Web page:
For First Time Visitors

If you are a first time visitor to this blog, I invite you to start from the beginning, especially if you are unfamiliar with the potential emotional impact of long-term child abuse.

Trigger caution to unhealed survivors!

Understanding the Incomprehensible

Children of incest or long-term sexual abuse grow up to be wounded adults with complicated emotional issues. Unfortunately, some symptoms are misinterpreted or often dismissed as "crazy", only serving to maintain a tormented victim status. We, as a society, have the power to change this dynamic. Each of us can make a difference.

Feb 13, 2011

When An Abuser Dies

I am certain every survivor will deal with this issue in their own unique way, hopefully with the help and support of friends and therapist. Those with "structured" or sophisticated DID almost always have multiple perpetrators throughout life. Although one child who developed DID from one abusive relative, may also have several abusers throughout life. Perpetrators have a knack for targeting the vulnerable.

When the main abuser(s) are still alive, depending on the level of contact the victim has maintained with them, they may not recall the abuse until after the death. Several times I have known people who did not begin remembering until the death of both parents.

My first memory was father abuse and later came the covert government and military ties along with abusers who were also the original scientists and government figures who were involved in MK-Ultra. I knew who most of my abusers/programmers were. They were the same. The doctors, scientists, and government people were also either pedophiles or knew that frequent sexual abuse maintained the dissociative process. At the time of my memories, several abusers were still alive.

Since they were all prominent, news of their death was often quite public. Most I had already recovered memories; but for at least two, more information surfaced after their death.

I used to think my father's job was "only" to maintain the level of terror and abuse at home when I was not with the program officials. I now believe he was a main player in that military intelligence/CIA/covert world. I received validation within the past two months. My father was an advisor to Vietnam in 1961 which was defined in a documentary as code for CIA before the full "war" broke out. Memories had surfaced of him being with me in settings with other programmers.

I have stated before I grew up in fear of him. After knowing of my DID and subsequent memories, I fully understand the depth of my terror for him. I have not lived near my family since the 70s and my last visit was around the mid-1990s. Earlier this week, I learned my father had passed away.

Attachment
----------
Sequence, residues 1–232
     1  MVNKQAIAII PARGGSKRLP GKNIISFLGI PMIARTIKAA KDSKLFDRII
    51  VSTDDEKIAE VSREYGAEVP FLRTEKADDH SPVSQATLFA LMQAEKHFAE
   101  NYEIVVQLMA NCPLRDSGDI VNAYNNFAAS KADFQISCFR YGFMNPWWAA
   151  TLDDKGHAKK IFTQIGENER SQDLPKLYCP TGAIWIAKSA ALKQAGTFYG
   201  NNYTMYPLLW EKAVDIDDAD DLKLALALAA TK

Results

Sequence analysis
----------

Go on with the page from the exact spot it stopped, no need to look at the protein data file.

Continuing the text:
Initially I had relief that he could never terrorize or hurt me again. Throughout the day many emotions and thoughts surfaced...none of them grief. Part of me was just hoping I would not have to remember any other abuse involving him. It felt as if the news was just traveling through all parts of me and each was having their own reaction.

I had a doctor appointment early evening. After returning home and watching my favorite television shows, I decided to see the online obituary. I knew he had disowned me, but, as far as I knew, my mother and sisters still considered me a part of the family...just the crazy black sheep. However, the obituary did not mention me as one of the daughters. He did manage to get in the final blow. Am guessing if he disavowed knowledge of my existence, he was saying he took no responsibility for his actions.

The real impact came from what that meant to me for the future. Was I also dead to my mother and sisters? I don't have that answer. It's very unsettling. It took a day of emotional turmoil to realize nothing had changed. It still wasn't safe for me to be around my family even if they wanted me to be. So what difference did it really make?

While I would not wish healing from DID on anyone, especially now that my sisters are 55 and 60, in my heart I would like to have the validation while my mother is still alive that he was the person who hurt me beyond what most of the world can believe.

One thing is certain following an abuser's death: emotional turmoil. But we survivors know how to deal with emotional turmoil. We can get past it to get on with our healing toward a more complete and fulfilling life.

3 comments:

Anonymous said...

This so speaks volumes. You are amazing. I'm sorry tho that you still have the loss of your sisters and mother. As always it's about keeping us all separate. Ravin

Vague said...

maybe someone else will start remembering now that he's gone...

safe (((hugs))) <3

Grace said...

Thanks so much for the support.